On Thursday night, we went to the Ryman Auditorium for a show with Larry Gatlin and Vince Gill, and we had the opportunity to be backstage and see more closely what goes on behind the scenes. Bob especially enjoyed it since Vince is one of his all time favorite musicians.

As Vince left the stage and came over to where we were, Bob told him how much he had enjoyed his performance, and Vince patted him on the shoulder and thanked him. What a humble and gracious gesture for someone who probably hears it every day!

Larry Gatlin was quite entertaining with all his amusing antics and jokes, but when he began to sing several old hymns, that old historical church was filled with silence and reverence as we listened. He began with “It is Well With My Soul” and then asked the audience for requests. He sang those old beloved songs, “How Great Thou Art” and “In the Garden”. 

I just sat there gazing out at the faces of about 2500 audience members as they were obviously so moved by the words, music, and the voices we heard in praise to our amazing God. Many sang along and I saw many wiping tears from their eyes, just as I did.

I felt such gratitude for these moments to praise Him and to lift His name up before us in the midst of all these people. For the most part, we were all strangers, but for that brief time, we were joined together in our love and praise to Him.

What a gift we so often take for granted – the gift of music and voices that can move our hearts to tears as we think of His love and grace.

This trip has already been such a blessing. Those moments won’t soon be forgotten. And as I write, I  think, too, about how grateful I am for the gift of family and loved ones and the special times we get to spend together. I can’t praise and thank God enough. God has blessed all of us in so many ways. May we always sing of His greatness and praise His most Holy name.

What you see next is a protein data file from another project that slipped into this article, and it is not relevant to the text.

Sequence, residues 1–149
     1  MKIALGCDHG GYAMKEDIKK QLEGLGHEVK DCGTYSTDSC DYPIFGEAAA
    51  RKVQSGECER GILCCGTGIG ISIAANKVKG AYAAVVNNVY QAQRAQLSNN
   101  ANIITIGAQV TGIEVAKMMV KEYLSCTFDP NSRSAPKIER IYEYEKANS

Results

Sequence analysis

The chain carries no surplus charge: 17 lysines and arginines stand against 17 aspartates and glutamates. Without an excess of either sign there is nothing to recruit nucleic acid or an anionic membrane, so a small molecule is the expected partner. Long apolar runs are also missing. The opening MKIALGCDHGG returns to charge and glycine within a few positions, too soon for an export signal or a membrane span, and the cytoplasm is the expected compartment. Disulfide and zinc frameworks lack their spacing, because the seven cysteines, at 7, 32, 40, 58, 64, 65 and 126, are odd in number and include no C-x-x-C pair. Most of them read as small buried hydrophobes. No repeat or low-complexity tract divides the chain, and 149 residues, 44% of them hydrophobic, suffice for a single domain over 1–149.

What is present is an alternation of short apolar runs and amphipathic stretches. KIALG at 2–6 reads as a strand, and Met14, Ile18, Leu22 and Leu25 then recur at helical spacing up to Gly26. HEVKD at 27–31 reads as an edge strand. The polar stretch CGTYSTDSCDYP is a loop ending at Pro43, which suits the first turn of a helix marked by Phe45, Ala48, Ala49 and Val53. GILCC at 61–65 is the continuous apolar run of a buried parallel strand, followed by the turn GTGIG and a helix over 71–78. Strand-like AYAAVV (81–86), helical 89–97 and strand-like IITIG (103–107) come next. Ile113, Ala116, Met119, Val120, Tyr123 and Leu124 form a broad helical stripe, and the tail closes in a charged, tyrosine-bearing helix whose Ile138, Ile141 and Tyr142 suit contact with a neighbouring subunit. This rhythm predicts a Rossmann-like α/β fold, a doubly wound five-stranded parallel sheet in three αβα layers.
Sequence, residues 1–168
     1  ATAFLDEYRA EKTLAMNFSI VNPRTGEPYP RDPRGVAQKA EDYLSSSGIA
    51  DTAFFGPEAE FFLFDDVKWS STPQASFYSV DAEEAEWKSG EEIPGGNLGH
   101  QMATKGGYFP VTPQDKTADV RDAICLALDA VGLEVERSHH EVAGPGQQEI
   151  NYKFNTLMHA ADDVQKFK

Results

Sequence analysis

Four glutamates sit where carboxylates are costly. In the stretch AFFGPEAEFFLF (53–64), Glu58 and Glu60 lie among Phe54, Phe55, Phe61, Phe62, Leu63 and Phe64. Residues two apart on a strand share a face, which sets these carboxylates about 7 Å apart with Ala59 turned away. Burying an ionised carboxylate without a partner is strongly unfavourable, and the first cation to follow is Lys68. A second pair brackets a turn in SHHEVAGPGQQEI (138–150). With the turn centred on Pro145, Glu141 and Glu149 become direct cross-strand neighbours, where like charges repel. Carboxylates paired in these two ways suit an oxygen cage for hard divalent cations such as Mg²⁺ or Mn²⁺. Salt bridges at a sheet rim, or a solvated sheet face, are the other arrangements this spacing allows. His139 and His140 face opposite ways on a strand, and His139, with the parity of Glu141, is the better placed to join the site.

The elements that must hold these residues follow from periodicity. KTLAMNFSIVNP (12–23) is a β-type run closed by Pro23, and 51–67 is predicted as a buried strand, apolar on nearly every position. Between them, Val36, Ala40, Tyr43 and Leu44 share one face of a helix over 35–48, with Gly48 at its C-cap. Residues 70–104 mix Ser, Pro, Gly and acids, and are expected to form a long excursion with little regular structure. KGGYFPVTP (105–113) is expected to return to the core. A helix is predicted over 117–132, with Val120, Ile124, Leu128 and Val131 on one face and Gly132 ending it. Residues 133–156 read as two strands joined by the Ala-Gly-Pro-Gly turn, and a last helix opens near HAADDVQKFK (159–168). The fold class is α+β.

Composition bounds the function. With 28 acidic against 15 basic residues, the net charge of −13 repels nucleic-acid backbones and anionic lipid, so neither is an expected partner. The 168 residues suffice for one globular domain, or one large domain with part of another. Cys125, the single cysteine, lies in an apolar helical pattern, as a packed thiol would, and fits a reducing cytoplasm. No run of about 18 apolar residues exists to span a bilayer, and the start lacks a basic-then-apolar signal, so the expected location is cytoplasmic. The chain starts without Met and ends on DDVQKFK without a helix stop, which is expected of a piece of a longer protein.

Our most gracious and loving God, thank you for the gift of life and for time with those we love. Thank you for talented voices to sing of your goodness, your power, and your glory. May we praise your name always. Amen

He Has Shown You What is Good

He has showed you, O man, what is good. And what does the Lord require of you? To act justly and to love mercy and to walk humbly with your God. Micah 6: 8   

Do you have certain requirements for others? If you think about it, we all have those things we refuse to compromise on that we expect from those around us.

I think I knew early on in our relationship that Wake Forest basketball and football, golf, and all other sports were going to be a big part of my life with Bob, but because I loved him and knew these things would make him happy, it has never been a sacrifice or a major issue between us. I even grew to enjoy them with him! He knew that family was very important to me and He shared those same values. Both of us expected the other to be honest, faithful, dedicated to our marriage, our children, and to God. During our 41 years together, meeting each other’s expectations was important to both of us.

As for Kelly and Scott, we always wanted them to be respectful, loving, and caring human beings, and we can proudly say they have been. In return we tried to always be the best parents we could be.

I have expected my friends to be faithful, loving, encouraging, and accepting of me for who I am and I have always tried to honor them in the same way. For the most part, all of us are willing to meet those reasonable conditions or requirements others have for us because we want to have the most loving and trusting relationships we possibly can. Of course, we all let those we care about down from time to time, and when we do, hopefully we can acknowledge it and work on being the best we can be.